by Olivia Zhu
Right now, I'm somewhere in the American Southwest, surrounded by what my high school biology teacher would remind me is called a “desert chaparral.” I'm road-tripping from Austin to California, both a far cry away from the cold climes where I first encountered Monica Youn, and her second book Ignatz.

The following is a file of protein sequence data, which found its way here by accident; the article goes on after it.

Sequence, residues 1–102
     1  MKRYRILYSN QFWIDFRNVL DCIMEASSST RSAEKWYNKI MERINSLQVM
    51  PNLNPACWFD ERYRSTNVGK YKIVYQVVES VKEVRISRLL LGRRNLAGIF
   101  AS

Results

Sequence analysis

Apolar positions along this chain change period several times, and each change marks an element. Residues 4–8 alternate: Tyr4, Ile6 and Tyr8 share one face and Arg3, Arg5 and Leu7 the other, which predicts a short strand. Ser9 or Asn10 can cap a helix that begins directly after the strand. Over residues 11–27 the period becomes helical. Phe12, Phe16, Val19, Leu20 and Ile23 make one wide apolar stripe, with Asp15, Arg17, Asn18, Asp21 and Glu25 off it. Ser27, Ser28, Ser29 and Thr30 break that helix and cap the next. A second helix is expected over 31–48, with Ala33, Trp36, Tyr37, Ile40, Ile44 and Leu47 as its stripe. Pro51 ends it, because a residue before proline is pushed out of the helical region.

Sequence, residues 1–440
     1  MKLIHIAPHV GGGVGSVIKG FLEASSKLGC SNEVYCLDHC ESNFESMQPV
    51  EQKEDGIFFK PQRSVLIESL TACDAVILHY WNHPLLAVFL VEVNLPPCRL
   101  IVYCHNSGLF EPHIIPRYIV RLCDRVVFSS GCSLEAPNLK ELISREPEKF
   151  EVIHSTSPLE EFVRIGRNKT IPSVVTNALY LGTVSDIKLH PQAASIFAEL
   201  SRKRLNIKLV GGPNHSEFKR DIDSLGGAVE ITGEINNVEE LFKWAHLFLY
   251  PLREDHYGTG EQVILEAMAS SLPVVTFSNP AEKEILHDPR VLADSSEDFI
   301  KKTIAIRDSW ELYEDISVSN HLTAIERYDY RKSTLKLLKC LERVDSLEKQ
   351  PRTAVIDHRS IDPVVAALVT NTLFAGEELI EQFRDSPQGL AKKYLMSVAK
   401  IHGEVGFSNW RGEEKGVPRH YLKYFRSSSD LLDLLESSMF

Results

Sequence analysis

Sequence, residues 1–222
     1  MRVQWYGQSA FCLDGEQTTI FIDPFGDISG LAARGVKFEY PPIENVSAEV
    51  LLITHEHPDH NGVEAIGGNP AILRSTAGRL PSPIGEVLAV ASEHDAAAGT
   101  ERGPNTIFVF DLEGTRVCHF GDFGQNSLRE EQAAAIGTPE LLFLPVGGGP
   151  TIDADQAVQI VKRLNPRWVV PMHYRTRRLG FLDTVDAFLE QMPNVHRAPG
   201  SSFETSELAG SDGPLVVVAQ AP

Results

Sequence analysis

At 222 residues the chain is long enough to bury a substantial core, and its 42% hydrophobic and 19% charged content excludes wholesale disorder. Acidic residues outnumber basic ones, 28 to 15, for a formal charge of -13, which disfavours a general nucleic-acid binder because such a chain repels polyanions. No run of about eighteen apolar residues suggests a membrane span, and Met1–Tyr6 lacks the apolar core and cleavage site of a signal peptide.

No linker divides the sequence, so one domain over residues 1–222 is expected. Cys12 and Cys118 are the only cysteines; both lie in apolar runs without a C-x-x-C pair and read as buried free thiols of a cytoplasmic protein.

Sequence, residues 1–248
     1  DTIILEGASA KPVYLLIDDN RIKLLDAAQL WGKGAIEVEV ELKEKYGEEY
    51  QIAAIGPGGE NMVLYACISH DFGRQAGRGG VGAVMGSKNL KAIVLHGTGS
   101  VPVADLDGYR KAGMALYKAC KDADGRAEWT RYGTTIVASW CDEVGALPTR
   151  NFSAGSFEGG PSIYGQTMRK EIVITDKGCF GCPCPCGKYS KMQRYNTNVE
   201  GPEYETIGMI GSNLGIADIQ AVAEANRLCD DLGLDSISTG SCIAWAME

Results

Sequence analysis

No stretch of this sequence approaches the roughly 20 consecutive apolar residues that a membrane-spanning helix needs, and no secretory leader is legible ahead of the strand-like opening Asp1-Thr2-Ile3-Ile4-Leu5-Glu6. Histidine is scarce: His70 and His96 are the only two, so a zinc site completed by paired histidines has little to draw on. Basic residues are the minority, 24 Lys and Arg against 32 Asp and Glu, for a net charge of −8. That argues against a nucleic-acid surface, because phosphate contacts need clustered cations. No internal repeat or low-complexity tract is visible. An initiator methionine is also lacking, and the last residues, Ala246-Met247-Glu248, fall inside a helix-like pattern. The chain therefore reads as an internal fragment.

As a child of the 90s, I had no clue that Ignatz referred to the Krazy Kat comic strips, and similarly had no idea who Monica Youn was (CliffNotes version: she's a notable lawyer and poet, and Ignatz is her second book). When I first read “X as a Function of Distance from Ignatz,” or “Ignatz Domesticus,” or any of the other bits and pieces of her book available online—well, they were a bit inaccessible. I thought it because I didn't know Krazy Kat, didn't know the original Ignatz. To be perfectly honest, I still don't know if Ignatz is meant to be male or female, and I confess I haven't been perfectly diligent in my research here; even now, I read Youn's work in fragments, on the road. But—I hope my argument that poetry is a matter of being at a point in time, at the right moment in time, is no less obscured for that fact.